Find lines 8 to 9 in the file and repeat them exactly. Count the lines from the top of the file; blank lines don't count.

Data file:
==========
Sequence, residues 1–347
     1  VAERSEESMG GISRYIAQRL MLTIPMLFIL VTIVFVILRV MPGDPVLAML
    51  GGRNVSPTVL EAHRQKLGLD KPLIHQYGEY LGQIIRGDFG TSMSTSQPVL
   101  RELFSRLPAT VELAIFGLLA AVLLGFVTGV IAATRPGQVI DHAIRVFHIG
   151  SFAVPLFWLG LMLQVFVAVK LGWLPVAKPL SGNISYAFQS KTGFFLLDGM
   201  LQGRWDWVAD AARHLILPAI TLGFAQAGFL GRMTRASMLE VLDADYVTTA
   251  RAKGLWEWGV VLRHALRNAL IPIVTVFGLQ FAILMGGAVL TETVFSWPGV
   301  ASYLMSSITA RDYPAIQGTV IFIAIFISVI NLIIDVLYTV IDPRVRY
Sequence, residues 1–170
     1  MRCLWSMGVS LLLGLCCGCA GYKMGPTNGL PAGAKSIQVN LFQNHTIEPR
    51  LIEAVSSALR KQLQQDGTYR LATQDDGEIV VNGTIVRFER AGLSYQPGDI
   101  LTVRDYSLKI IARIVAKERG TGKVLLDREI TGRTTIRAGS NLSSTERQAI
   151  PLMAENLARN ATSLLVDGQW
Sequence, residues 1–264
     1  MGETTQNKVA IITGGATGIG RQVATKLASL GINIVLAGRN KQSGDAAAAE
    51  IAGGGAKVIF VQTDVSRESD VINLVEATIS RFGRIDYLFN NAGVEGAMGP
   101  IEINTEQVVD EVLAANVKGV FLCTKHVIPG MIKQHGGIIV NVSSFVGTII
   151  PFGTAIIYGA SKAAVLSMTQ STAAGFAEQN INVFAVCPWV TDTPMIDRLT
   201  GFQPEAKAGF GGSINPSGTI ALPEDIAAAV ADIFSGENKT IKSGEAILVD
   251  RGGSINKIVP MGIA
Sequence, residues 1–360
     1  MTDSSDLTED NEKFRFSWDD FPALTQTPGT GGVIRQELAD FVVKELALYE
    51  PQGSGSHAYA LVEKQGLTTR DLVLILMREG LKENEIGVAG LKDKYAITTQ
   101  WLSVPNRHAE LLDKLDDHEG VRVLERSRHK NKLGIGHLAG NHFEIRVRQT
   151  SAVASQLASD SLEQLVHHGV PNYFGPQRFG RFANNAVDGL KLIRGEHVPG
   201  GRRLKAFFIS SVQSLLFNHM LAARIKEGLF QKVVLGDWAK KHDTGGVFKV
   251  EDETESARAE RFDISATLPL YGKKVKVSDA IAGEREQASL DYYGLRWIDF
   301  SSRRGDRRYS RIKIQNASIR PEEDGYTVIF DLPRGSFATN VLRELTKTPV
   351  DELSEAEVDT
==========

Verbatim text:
   301  ASYLMSSITA RDYPAIQGTV IFIAIFISVI NLIIDVLYTV IDPRVRY
Sequence, residues 1–170